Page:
Seniors subdue the subsidy snafu

Most clubs across Australia will have, in one form or another, a membership category or subsidy in place to cater to Senior Members. Designed to reward long-term loyalty (and reduce the financial strain on older members), this can take the form of a greatly discounted rate for members over a certain age, who have been at the club for a long period of time.

On the surface, it sounds like a great idea. However, like an iceberg floating in the sea, these subsidies can often hide a dangerous behemoth lurking underneath. And if a club doesn’t address the underlying danger—whether choosing to ignore it, remain indifferent or simply deny the danger—then the club may be doomed to face even rougher seas (or deeper water) in the long term.

There is no doubt that clubs need to examine the long-term impact these subsidies can have on their financial health.  Of course, the major obstacle here is the obvious outcry that will doubtless result from the many Senior Members, right?

Perhaps not.

In fact, as is the case with one Melbourne club, senior members may actually be in FAVOUR of dumping their very own subsidy!

 Like many clubs across Australia, Melbourne’s Huntingdale Golf Club had a senior membership category that provided a 50% discount in subscriptions to members over 70 years of age and who had more than 30 years of membership.

A few years ago, the club undertook a study to ascertain the impact of aging membership on the finances of the club. This study predicted that within a few years the club would have over 20% of its total membership in this category and the value of the discount or subsidy would be well in excess of $200,000 a year. It was further anticipated that the value of the subsidy would get progressively higher over time as the population continued to age.

In essence, Huntingdale’s Senior Membership category was becoming an increasingly large burden on the club; and the burden was only going to get heavier as time wore on.

But Huntingdale is not alone; if we all look at the current state of the industry, with many clubs experiencing financial problems due to declining membership, etc, it’s abundantly clear that many clubs are in the same boat, and can no longer continue to support these subsidies.

So what is a club to do?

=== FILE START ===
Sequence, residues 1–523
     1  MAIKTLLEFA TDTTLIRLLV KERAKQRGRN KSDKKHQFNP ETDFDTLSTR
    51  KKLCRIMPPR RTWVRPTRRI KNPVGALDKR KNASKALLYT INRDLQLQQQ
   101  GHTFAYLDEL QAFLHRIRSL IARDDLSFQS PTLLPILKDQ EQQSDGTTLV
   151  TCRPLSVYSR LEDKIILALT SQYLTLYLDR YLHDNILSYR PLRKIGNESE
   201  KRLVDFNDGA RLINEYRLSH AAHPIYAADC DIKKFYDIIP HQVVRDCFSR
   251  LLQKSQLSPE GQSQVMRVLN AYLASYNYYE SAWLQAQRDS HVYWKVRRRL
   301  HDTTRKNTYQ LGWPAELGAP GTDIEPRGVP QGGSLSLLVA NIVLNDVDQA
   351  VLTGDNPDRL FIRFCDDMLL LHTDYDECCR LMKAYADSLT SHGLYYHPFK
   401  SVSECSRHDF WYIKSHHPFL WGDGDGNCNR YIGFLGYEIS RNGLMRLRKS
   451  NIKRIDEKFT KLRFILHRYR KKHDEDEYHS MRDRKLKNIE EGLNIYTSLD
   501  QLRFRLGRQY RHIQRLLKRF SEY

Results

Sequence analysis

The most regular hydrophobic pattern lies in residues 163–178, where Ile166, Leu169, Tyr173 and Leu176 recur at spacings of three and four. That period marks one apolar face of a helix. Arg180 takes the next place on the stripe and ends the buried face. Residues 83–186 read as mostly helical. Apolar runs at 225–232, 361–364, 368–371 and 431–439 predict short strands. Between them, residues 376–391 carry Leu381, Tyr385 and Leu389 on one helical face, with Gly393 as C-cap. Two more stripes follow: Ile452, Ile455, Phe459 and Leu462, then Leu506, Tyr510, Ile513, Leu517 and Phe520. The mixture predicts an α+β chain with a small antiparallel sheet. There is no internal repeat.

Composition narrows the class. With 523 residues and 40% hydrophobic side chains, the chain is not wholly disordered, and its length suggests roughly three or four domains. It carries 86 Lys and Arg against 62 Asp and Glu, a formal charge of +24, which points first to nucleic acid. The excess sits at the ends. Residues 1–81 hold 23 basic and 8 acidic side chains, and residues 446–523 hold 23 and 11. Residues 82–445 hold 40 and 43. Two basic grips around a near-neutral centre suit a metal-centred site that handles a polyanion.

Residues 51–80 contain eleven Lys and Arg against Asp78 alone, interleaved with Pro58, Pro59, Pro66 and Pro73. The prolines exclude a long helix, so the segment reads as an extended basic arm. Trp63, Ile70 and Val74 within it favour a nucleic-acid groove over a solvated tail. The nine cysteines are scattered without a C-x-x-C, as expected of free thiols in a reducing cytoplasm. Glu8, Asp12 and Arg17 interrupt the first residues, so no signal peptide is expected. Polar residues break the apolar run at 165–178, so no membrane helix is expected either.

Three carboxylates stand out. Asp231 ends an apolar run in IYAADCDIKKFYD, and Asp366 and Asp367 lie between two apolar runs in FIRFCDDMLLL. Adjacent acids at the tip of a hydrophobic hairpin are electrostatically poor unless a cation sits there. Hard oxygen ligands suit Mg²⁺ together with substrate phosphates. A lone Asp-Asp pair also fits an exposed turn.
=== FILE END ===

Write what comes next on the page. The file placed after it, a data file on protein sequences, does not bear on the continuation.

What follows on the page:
Huntingdale made the bold decision to tackle this issue head on. They engaged with the membership and demonstrated that the value of these subsidies was unsustainable for the long-term future of the club. The club asked the membership to consider the future impact of these discounts on cashflows and the ability of future generations to enjoy the amenity of the club that has been such an influential part of the life of the senior members (e.g. long-term friendships, physical health, etc). 

To make the required modifications, the club needed to change the constitution, which required the senior members to undergo a class vote where the senior members themselves had to vote to remove these discounts.

In a strong sign of the good will and sense of community that exists at Huntingdale, the senior members voted overwhelmingly (over 75% of the vote) to remove the senior subsidies that currently exist.

A remarkable outcome!

Over the next few years, the value of the discount will reduce on an annual basis until all senior Members are back paying the same fee as the wider membership. Some have asked to go back to paying full fees immediately. In addition, the general membership have since voted to “grandfather” the senior membership category which effectively has removed the senior membership category altogether so that no current members will have the ability to enter the category moving forward.      

Huntingdale’s members (and management) should be applauded for their forward-thinking. By focussing on the club’s long-term health, the membership will ensure that future generations are able to enjoy the same amenity that has been enjoyed by these senior members for many years to come.   

We can only hope that more clubs out there will follow Huntingdale’s lead, and avoid a potential disaster of Titanic proportions.

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